The film came about because I had met him on a few occasions through shows; his gallery knew that I liked his work. The gallery and he called me, somewhat spontaneously, saying “Come down to Barjac.” The gallery then called me back and said “He’s leaving Barjac… it’s an amazing moment and it is an extraordinary place. Why don’t you just come and see it?” So, it was a very loose invitation and when I got there I saw this extraordinary place. The filmmaker in me was completely challenged and there were so many possibilities somehow. I had to make a film there.

H2N: You felt even more galvanized by his work being in that giant ruin that he had created? Did it pull you closer to him?

SF: Absolutely. I mean, it is a whole world, a hermetic world and when I was filming there I didn’t leave at all. I was filming for three and a half weeks and never left the location. It was a shock to come out into the world after being in such an insistent visual aesthetic place. It’s his own universe. Funnily enough, he had a big car, like a Mercedes or BMW and he actually had covered it with ash because he didn’t like the car in the landscape. He had to get all of the ash sandblasted off the car because he kept getting stuck at customs; he’d cross the border and they’d be like “What the hell is this vehicle?” (laughs) When I left, I even noticed the airplane I flew on was bright orange and it felt like a huge contrast. I loved being locked in that world, there’s a very bucolic splendor as well, that outdoor rural environment. Now that he’s left and is in Paris, I think he actually misses Barjac.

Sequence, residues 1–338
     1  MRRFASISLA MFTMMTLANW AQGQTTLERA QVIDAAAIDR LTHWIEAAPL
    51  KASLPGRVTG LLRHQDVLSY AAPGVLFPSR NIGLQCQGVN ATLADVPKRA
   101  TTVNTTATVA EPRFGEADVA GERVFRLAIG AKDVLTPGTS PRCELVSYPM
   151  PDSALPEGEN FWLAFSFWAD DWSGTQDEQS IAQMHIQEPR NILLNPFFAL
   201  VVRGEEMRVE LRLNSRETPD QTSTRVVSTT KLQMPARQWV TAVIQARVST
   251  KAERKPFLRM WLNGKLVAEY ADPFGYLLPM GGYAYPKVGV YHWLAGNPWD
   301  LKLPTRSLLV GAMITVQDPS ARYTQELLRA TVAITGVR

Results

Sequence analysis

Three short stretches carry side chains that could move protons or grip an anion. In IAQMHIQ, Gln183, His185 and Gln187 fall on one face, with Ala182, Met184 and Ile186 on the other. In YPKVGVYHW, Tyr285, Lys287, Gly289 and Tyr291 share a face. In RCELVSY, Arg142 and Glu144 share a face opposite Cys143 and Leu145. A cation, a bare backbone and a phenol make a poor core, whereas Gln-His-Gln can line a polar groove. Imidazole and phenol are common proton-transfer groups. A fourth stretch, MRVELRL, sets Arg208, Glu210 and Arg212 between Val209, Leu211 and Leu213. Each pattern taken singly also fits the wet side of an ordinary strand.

H2N: Well, he built something that feels permanent, something like a ruin. Do you feel that what he built in Barjac will last?

SF: I don’t know and I don’t think he knows. I know he wants to develop the Kiefer Foundation and he wants to get that financed by the French and German governments. The conversation is going on about that. But there is something about the place that lends itself to falling apart, to total decay. For example, he built that concrete amphitheater with no foundation so, in fact, he’s waiting to see and is quite disappointed that it hasn’t started to fall down. Part of it is made to fall and for nature to take over. The maintenance of it, even when they were living there, was difficult because nature is so insistent and has such force; it would just grow and grow into the white spaces that he created and undermine everything. He sees nature as a co-worker, as an element that he’s working with. So, I think he would like it to be preserved but he loves the fact that it will change.

H2N: As a filmmaker, you seem to adapt your visual style to the subjects you’re working with. But working with a visual artist who creates such strong images himself, is there an intimidation factor, that somehow you’ve got to represent the work in a certain way?